Center Consoles… Things Have Changed


By Art Hodax

If you’ve been to a boat show lately, you’ve no doubt been stunned by the array of large center console boats. They’re big, they’re quick and they’re ocean capable. This class of boats represents one of the most innovative areas of boat design. For many, they balance the best in design, power, comfort and range.

Today’s selection of larger outboard-powered boats results from a game of industry leapfrog. The interest in larger center consoles drove the development of larger outboards, and more powerful outboards have allowed marine engineers to create even larger center console boats.

At a recent boat show, George Smith from Marine Max in Stuart, Fla. showed off some “open” boats that are easy to maintain, are capable of offshore runs even on less-than-perfect days and have the accommodations and safety features to comfortably cross the Gulf Stream from the Florida coast. Today, there’s no problem finding outboard-powered boats over 40’ with consoles large enough to include a berth, head with shower, galley and air conditioning. Smith talked about how the market for these boats has changed over the past four or five years.

One of the driving changes to boat construction has been the use of vacuum-infused fiberglass. In the past, hulls were thick to provide strength and more resin was used than needed. Now, boats are computer engineered using fiberglass as well as high-tech fabrics like Kevlar and carbon fiber to create stronger and lighter hulls. In addition to these high-tech fabrics, new construction techniques allow materials to be vacuum sealed into the mold by adding a layer of plastic film over the cloth during construction. Using vacuum pumps, resin is then drawn through hoses into the cloth, impregnating it while vacuuming excess resin out of the mold. The result is a lighter and stronger construction, which allows for larger more complex hulls and cockpits to be produced.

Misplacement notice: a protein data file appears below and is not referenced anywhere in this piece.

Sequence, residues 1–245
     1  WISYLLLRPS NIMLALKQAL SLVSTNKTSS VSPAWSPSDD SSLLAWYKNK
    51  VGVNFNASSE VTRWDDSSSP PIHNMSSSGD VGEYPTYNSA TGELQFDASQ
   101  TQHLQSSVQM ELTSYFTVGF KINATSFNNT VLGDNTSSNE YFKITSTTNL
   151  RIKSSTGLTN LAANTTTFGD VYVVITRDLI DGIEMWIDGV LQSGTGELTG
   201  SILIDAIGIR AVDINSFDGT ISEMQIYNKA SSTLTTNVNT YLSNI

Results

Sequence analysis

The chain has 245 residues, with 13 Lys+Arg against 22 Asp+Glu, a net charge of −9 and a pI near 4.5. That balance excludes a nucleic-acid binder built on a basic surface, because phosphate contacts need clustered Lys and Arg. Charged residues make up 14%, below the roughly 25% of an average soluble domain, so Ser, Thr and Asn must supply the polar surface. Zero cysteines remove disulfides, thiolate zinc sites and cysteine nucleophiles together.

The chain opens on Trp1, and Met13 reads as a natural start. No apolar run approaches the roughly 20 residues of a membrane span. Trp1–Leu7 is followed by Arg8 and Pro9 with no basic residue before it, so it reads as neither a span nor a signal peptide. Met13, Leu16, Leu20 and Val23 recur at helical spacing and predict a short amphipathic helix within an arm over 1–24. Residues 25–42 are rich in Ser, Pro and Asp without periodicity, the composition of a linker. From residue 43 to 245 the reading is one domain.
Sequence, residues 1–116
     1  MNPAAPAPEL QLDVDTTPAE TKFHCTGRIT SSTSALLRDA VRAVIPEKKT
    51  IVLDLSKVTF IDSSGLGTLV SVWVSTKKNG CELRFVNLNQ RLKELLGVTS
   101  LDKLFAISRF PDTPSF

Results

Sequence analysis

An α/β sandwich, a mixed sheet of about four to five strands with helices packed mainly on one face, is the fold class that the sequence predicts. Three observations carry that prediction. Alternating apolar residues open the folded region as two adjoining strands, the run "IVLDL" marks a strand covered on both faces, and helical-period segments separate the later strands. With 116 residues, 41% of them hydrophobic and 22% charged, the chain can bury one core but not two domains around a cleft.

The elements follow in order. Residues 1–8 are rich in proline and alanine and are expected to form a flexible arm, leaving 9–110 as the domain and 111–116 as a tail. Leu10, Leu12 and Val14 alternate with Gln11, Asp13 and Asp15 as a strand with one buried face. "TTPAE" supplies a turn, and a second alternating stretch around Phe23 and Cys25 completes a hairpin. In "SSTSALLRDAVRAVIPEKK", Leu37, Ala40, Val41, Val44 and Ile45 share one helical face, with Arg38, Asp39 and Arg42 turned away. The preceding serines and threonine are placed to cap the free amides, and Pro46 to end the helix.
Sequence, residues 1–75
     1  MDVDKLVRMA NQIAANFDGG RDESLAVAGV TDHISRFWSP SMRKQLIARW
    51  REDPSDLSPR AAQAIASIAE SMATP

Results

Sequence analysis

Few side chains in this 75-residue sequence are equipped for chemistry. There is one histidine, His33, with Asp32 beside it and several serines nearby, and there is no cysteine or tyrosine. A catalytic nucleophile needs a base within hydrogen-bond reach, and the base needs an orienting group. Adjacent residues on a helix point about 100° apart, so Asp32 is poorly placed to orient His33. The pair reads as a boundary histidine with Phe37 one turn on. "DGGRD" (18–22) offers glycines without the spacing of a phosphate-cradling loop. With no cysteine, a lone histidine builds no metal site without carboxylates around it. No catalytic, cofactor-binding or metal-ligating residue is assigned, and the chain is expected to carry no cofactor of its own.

We boarded a new 42’ Boston Whaler Outrage. As an outboard boat, there’s a massive amount of space inside the hull. This boat is designed to handle up to 1,675 hp spread across up to four engines. This brings us to the issue of outboard evolution.

Large outboards are now six- or eight-cylinder, four-stroke powerhouses. These engines commonly benefit from supercharging and from new alloys that allow them to withstand added compression and torque. Among the options are Mercury Marine’s Verado 400 hp inline six-cylinder, the 425 hp Yamaha XTO Offshore V8, or for those who want more, the Seven-Marine 627 hp supercharged and intercooled V8. These engines are reliable, quiet and smooth.

These days, center consoles can compete in many ways with larger flybridge boats. Things have changed in the market for open boats.

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